It’s not that simple but  requires intense technical adaptability, mobility, and openness. So, the ninja  excelled in taking advantage of their errors by turning them against the enemy … The surprise no longer surprises! They had a thorough knowledge of kenjutsu (art of sword) and kumitachi to fight against enemies armed with sharp weapons.

In ninjutsu, how to give a ‘tsuki’ with the yari is something special. Indeed, to pierce armor, it must be either very strong or use a specific technique that involves hitting two or three times in the same place. It is neither supported nor even a prolonged strike. It is a technique  exclusive to ninjutsu and that comes from kosshijutsu and koppôjutsu. (Use of fingers and extremities for impacting bone and bones nerve centers). Practiced in conjunction with the kyôjutsutenkan this striking method allows one to hit two or three times while a single shot was given. The technique is called sanshin-no-kata of gokkyô-ryu. Another technique that is unique to ninjutsu is walking sideways (yoko-aruki or aruki-ashi) of the Togakure-ryu school, also found in the Koto-ryu and Kukishinden-ryu.

Hatsumi-sensei said that when he practiced the spear, the first thing Takamatsu-sensei had him do  was seize the spear from an attack. There is, indeed, during the attack, a moment where one can grasp the blade without cutting. However, as with the manner of a blacksmith, one must enter the Kukan. The Kukan is a breach in time, a moment where everything is possible. A space-time in the time itself and it is less mysterious than it seems. Indeed, in the long run, what happens there for those who attack? One who knows how to control the Kukan has understood the essence of the struggle … and life. You can even add that the weapon, plus the extension of the body, is of the mind because it alone commands oneself. A gokui of ninjutsu, taught by Takamatsu sensei, reflects the infinite number of techniques that emanate from a single principle: “The color of water is the color of its vase.” That is to say that whatever the weapon or form of combat, the principle is unique.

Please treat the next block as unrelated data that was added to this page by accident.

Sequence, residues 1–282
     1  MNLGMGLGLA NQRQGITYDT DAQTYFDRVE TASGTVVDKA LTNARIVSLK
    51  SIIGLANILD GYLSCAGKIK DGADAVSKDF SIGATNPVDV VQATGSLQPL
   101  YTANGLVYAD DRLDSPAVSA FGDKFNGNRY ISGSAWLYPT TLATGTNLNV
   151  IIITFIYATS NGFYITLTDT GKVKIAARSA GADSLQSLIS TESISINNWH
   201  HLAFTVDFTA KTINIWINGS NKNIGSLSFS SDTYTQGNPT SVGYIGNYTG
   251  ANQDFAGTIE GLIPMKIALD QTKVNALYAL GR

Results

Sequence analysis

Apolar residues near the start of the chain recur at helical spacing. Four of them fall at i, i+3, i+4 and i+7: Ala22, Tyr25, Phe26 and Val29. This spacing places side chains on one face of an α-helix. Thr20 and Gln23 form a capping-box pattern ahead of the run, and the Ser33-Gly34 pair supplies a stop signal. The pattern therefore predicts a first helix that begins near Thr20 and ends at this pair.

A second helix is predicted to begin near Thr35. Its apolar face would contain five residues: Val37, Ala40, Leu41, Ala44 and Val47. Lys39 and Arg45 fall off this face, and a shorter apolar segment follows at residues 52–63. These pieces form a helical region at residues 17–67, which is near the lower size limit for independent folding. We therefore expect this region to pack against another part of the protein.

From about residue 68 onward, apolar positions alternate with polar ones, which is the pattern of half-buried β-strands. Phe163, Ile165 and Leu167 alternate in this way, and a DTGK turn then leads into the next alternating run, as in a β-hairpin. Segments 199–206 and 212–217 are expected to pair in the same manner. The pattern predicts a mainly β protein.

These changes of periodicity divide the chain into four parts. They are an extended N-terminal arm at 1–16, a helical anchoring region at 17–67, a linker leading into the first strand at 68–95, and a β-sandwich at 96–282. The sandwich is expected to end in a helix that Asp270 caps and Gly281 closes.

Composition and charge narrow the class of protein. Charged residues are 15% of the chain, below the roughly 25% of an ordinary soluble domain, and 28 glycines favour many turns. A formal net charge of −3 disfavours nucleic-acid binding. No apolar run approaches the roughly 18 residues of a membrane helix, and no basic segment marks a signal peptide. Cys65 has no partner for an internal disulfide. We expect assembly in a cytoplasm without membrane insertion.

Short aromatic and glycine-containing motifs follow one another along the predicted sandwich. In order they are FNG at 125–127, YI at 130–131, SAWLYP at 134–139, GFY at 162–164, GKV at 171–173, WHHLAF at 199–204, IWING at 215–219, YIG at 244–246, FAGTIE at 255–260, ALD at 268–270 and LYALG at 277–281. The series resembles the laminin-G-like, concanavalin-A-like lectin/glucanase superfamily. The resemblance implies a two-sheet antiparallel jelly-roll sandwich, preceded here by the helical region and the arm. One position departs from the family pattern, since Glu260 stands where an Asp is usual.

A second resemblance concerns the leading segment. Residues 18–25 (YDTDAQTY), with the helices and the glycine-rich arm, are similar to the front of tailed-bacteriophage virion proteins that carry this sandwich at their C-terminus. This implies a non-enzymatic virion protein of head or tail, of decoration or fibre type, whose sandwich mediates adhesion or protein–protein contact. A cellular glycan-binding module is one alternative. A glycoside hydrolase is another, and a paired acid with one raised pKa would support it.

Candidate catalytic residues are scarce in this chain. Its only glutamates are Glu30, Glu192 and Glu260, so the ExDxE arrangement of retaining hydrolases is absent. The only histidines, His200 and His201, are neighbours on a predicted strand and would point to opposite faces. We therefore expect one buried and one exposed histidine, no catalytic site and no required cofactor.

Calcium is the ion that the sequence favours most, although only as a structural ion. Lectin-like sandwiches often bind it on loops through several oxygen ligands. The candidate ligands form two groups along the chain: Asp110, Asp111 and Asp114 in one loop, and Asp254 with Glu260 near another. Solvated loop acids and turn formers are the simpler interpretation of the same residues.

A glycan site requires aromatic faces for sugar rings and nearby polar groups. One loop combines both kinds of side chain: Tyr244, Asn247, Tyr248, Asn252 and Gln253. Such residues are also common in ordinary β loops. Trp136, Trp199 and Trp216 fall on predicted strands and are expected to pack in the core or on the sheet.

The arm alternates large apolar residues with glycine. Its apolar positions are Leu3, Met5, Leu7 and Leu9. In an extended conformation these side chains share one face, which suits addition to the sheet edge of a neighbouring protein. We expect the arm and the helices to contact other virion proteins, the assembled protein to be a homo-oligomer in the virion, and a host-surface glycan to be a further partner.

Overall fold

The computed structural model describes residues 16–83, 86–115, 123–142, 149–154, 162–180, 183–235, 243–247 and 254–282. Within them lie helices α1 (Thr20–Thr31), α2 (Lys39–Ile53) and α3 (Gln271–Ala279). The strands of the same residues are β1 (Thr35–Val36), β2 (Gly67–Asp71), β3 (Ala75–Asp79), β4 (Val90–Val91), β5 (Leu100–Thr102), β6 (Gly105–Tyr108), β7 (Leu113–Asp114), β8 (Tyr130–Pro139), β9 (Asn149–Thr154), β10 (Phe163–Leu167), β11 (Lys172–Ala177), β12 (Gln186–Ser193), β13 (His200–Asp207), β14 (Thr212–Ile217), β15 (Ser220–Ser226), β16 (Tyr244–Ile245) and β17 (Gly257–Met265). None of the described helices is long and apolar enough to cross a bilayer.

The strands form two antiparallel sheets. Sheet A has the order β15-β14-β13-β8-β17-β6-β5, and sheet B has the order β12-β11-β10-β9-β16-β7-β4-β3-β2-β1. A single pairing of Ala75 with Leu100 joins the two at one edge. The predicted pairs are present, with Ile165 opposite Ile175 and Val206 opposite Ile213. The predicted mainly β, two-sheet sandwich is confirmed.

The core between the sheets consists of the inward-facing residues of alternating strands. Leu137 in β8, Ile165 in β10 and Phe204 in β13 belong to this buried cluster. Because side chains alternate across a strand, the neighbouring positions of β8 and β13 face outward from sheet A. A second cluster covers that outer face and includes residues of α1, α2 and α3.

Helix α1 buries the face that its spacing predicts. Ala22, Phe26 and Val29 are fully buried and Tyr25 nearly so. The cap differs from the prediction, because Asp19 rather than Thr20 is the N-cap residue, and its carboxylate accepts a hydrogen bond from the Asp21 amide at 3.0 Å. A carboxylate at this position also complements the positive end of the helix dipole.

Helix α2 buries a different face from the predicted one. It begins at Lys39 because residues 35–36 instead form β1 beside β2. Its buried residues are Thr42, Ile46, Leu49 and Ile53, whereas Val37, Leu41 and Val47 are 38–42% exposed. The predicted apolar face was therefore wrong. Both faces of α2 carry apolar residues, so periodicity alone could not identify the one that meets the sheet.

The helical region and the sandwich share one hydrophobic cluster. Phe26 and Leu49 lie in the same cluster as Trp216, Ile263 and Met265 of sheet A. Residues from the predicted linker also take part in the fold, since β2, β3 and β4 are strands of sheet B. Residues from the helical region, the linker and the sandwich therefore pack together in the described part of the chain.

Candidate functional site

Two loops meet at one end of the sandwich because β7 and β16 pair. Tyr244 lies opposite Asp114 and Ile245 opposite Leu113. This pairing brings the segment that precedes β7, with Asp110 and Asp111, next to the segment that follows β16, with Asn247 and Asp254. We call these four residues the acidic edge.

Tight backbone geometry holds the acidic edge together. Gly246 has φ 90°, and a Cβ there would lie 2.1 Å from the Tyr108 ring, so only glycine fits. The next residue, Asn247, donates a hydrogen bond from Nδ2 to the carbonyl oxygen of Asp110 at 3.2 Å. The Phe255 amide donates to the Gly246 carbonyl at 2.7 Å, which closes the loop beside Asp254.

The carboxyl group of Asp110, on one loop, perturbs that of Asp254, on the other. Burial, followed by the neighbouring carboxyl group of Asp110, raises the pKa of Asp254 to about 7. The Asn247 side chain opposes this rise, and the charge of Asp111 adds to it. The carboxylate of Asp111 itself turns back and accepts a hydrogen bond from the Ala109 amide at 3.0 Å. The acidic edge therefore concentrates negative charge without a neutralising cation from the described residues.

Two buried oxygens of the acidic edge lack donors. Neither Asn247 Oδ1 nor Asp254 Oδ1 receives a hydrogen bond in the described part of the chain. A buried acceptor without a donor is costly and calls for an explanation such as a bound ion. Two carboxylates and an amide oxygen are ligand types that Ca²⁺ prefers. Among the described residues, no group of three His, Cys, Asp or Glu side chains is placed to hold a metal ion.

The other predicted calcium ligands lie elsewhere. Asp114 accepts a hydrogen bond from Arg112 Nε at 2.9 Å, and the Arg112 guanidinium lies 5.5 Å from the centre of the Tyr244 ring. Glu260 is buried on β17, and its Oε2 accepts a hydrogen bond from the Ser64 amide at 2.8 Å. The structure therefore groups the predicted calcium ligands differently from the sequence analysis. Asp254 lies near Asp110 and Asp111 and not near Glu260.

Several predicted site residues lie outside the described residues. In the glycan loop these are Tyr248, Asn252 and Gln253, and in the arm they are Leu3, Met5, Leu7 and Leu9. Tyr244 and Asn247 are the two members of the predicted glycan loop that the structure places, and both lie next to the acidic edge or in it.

A NEW NINJA WEAPON IS BORN

In the event that the spear is cut, the battle does not stop. One then used the techniques of unarmed disarmament (Mutôdori, shinkenshiharadome juttejutsu). But, the ninja possessed multiple spears. One of them, te-yari, was very widespread. Although shorter than the yari (1.75m), it offered many variable uses and adaptations. It could be thrown like a javelin (Yarinage), it could cut (Ryobi – both sides of the pike were edges) as a sword. The kamayari was mainly used by the ninja pirates (wako or kaisaku) which, from antiquity to the Edo period, infested the coasts of Japan and the mainland Asia. The kamayari served by boarding a ship, it allowed one to catch a sword blade with the hook, as well as mowing, disarming, fishing, catching the side of a boat, etc. Deriving from the kamayari, the shinobiyari (with double hooks), also known as the stealth spear, was a formidable weapon. It served as a grappling hook among other things. Hattori Hanzo, the famous chief of police of the Tokugawa shogun, leyasu, excelled in the art of handling these different lances, in conjunction with a sword, a shuriken, a kodachi, or a jutte. This may suggest that the technique of two swords developed by Miyamoto Musashi could be used with any weapon,whatever the length. The most important thing is the how one uses the body and spirit in battle. Movement should become spontaneous, natural, and unimpeded.

ADAPTING SOJUTSU TO THE POLICE

During the Edo period (1603-1867), the status of the ninja changed. They were responsible for protecting the shogun in his castle in Edo. The juttejutsu, the torinawajutsu, the shibarujutsu were used to capture the bandits without killing them. The ninja were, in essence, highly adaptable. The ninja is a ninja since he can create something of consequence from something simple, where it can evolve constantly and stay creative and surprising.

Spears, they also experienced new functions. The susumata, the môjiri, sôdegarami were adapted by the police. One was captured without being killed, intimidated and frightened without causing a stir among the other bands of robbers. Spears, deadly at first, would find themselves transformed into symbols of order and security. With susumata, the police could dismount a bandit from his horse. He could entwine the  nails of the spear into the kimono of the offender and capture the enemy. He could stop the trajectory of a sword and stab with the other tip of the weapon. These new uses are gradually led to specific techniques in the infinite arsenal of ninjutsu. Apart from a few pre-ryu cities, what remains of ninjutsu are some forms, devoid of possible progression. The kata reformulated, can no longer find the original body of movement.

THE CURRENT PRACTICE OF SOJUTSU

Faced with such a history, so intimately intertwined with the history of any country, what relevance can such a practice hold in  the year 2000? The weapon itself is not nothing. It allows one to explore another dimension of the technicalities of taijutsu, namely whether the union between body, mind and the weapon is perfected (bo tai ichijo). One can also check if one’s movement is unhindered. To check if one has practiced the art, give him a weapon. If one is a practitioner of ninjutsu, he must be able to use any weapon without restriction of style.